Many progressive voters, and young voters in particular, had become disillusioned with Biden in recent years, in part because of decisions that contradicted some of his campaign promises, such as halting all new oil and gas development on public land. Some young activists have also called for the Biden administration to demand a ceasefire in Gaza. Many political analysts believe that if poor sentiment among young voters continues through November, it could cost Biden the election. A recent poll from Harvard University, for example, found that young voters are less likely to vote in 2024 than they were in 2020.

But a likely rematch against former President Donald Trump is sure to energize the Democratic coalition, with many climate voters seeing Biden as by far the lesser of two evils. Trump, a climate denier, has already promised a return to a “drill baby drill” energy policy. 

Studies have shown that young voters, age 29 and younger, played a key role in electing Biden in 2020, and that the issue of climate change was a driving factor in the turnout. One recent study from Tufts University found that young voters turned out in record numbers in 2020, with 50 percent of all eligible voters ages 18-29 participating in that election compared to 39 percent in the 2016 race. And a new study from the University of Colorado Boulder found that climate change opinion has had a significant and growing effect on voting that favors the Democrats and probably cost Republicans the 2020 presidential election.

Edward Maibach, director of George Mason University’s Center for Climate Change Communication, said some of Biden’s decisions have led to feelings of broken promises among climate-conscious voters, and that the president risked losing some of them in this year’s election. “My prediction is that stopping the development of LNG export terminals will win President Biden many more votes than it will cost him,” he said. “It’s also the right thing to do for our climate.”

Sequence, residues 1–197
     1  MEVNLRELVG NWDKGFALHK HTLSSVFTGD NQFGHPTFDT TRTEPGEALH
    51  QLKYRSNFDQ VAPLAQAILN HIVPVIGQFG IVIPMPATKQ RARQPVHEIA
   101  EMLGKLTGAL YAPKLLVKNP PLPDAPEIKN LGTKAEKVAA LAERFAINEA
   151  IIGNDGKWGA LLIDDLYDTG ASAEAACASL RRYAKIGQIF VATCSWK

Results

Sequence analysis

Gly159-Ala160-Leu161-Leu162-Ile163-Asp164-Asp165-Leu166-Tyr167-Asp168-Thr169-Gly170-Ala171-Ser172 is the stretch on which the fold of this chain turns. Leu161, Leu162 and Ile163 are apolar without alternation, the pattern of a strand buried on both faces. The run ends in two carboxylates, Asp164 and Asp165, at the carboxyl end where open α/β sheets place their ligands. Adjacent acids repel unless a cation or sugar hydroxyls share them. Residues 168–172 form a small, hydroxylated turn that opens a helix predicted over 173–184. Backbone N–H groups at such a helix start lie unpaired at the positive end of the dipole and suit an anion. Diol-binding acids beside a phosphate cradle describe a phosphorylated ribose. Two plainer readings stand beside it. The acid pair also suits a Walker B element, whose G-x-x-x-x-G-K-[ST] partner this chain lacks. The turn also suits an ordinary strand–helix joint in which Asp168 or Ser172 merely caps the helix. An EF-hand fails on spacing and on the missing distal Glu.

A recent poll from George Mason University found that the vast majority of Democrats support transitioning from fossil fuels to cleaner forms of energy and want to see the president and Congress do more to curb global warming.

The Biden administration appears to be aware of the political risk of losing climate-conscious voters. The Biden administration has been attempting to repair the president’s damaged environmental image in recent months, with Friday’s announcement being the latest effort. 

Vice President Kamala Harris touted a price tag of $1 trillion at a series of recent press events, saying that’s the total amount of government spending and other investments that the Biden administration has so far produced for climate efforts.

Biden has by far done the most of any president in advancing climate policy. The Inflation Reduction Act, which Biden signed into law in 2022, dedicates around $370 billion to climate efforts. The question is whether Biden has done enough to convince young and progressive Americans to vote for him this November.

More Top Climate News

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New Jersey Breathes New Life Into Struggling Offshore Wind Industry: Many offshore wind projects have run into trouble over the last year that put the industry’s future into question. But those setbacks appeared to be temporary, at least in New Jersey, where state regulators approved two massive offshore wind projects this week, Benjamin Storrow reports for E&E News. The projects are the largest offshore wind projects ever planned in the U.S. Together they would generate enough power for 1.8 million homes and slash emissions equivalent to removing nearly 1.3 million cars from the road.

Today’s Indicator

10

That’s how many new plant and animal species could soon be added to the Endangered Species Act list, according to an announcement this week by the U.S. Fish and Wildlife Service. Among the species being considered is the Southern Plains bumble bee, an important U.S. pollinator.